Installing an automated residential irrigation system is one of the best ways to keep your lawn and landscape beautiful and healthy by ensuring every blade of grass and every plant has the proper amount of water at the correct time. In addition to the convenience of automation, a residential irrigation system can also help minimize wasting water, time, and money. Planning carefully for a reliable, flexible irrigation system that can grow and evolve is one of the most worthwhile things you can do for your landscaping.
What is the Difference Between Irrigation & Sprinkler Systems?
In most cases, these terms can be used interchangeably. Different kinds of irrigation systems, such as drip irrigation systems, are usually referred to as such.
What is the Best Irrigation System to Use?
In general, this will depend on the size of your system and what you need it to achieve. Most yards and landscaping will benefit from standard sprinkler irrigation systems, but it is a good idea to consult with a certified professional to determine the best irrigation system for your situation.
Plan for Now
The most immediate goal for your sprinkler system is to make sure it can adequately care for your current lawn and landscaping needs. On top of making sure your system can water everywhere you need it to, make sure you are doing the following:
1. Meet Code Requirements
Include the right backflow prevention device for your area. These devices prevent irrigation system water from contaminating the water supply and are required by the National Plumbing Code for all residential irrigation systems.
2. Dig Deep
If you are putting in lines yourself, make sure they are installed deep enough to protect them from damage from aeration and other lawn maintenance.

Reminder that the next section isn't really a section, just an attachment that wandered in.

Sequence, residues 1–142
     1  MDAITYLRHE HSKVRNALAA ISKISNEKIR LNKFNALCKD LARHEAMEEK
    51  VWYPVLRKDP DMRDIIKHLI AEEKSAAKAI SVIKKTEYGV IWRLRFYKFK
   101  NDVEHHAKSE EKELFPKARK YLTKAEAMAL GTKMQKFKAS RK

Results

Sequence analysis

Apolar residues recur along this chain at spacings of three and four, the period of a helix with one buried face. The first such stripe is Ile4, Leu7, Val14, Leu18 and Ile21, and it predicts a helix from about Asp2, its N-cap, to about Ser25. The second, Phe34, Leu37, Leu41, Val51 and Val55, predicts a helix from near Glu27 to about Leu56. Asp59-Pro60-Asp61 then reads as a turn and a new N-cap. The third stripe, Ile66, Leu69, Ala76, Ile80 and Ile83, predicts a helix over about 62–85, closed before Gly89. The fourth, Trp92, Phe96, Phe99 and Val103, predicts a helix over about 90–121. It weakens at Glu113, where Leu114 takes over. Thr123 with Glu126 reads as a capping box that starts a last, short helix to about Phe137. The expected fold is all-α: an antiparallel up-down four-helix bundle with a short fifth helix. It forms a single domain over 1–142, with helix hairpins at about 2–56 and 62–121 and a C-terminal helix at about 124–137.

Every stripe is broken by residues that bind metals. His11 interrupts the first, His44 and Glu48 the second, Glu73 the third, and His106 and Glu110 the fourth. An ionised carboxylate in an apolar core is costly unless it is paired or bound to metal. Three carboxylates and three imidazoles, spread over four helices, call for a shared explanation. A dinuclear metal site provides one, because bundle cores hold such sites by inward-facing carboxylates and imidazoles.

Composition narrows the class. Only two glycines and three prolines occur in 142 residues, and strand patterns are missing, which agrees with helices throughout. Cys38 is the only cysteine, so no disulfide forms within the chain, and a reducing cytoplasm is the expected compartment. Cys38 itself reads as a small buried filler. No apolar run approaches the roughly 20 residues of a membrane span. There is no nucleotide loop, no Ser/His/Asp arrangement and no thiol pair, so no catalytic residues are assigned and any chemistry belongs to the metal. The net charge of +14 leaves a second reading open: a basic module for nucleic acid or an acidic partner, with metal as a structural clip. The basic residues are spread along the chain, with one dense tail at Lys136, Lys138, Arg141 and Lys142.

3. Check Water Pressure
Low or high pressure can significantly affect sprinkler performance. Make sure to choose sprinklers that take the water pressure on your site into account.
Plan for the Future
Even if you love how your landscaping looks today, you should always leave room for evolution. Choosing a residential irrigation system with flexibility and technological adaptability will make any future additions or changes easier on your landscaping and wallet.
1. Install Excess Capacity
Irrigation zones are areas that are watered by the same irrigation valve and plumbing. Installing extra connections now makes it easier and less expensive to expand your system later.
Use Components That Provide Flexibility
Different plants have different watering needs, and these needs may change over time. Your system should allow you to apply the right amount of water for each type of plant by the most effective method.
Include “smart” controls that automatically adjust watering based on rain, soil moisture, evaporation, and plant water use.
Make the Investment
Take the time to research your irrigation system options to make sure you are getting the most out of your time and money. The cost of a new sprinkler system will depend on the amount of lawn and landscaping you need to cover, the part quality and the installation fees (if you hire out that work). Considering the savings on time, effort and water, investing in a good irrigation system is well worth the money.
1. Buy the Best
Use the best components you can afford to minimize future maintenance and total lifetime cost of your system.
2. Look for Savings
Many water utilities offer rebates for certain water-efficient products. Before finalizing your new system, consult with your local water provider.
3. Hire Carefully
Even the best irrigation system won’t perform well if installed incorrectly. When hiring a designer or contractor, always get multiple bids, check references, and confirm all vendors are insured. To find an IA-certified professional to design, install, maintain or audit your irrigation system, visit irrigation.org/hirecertified.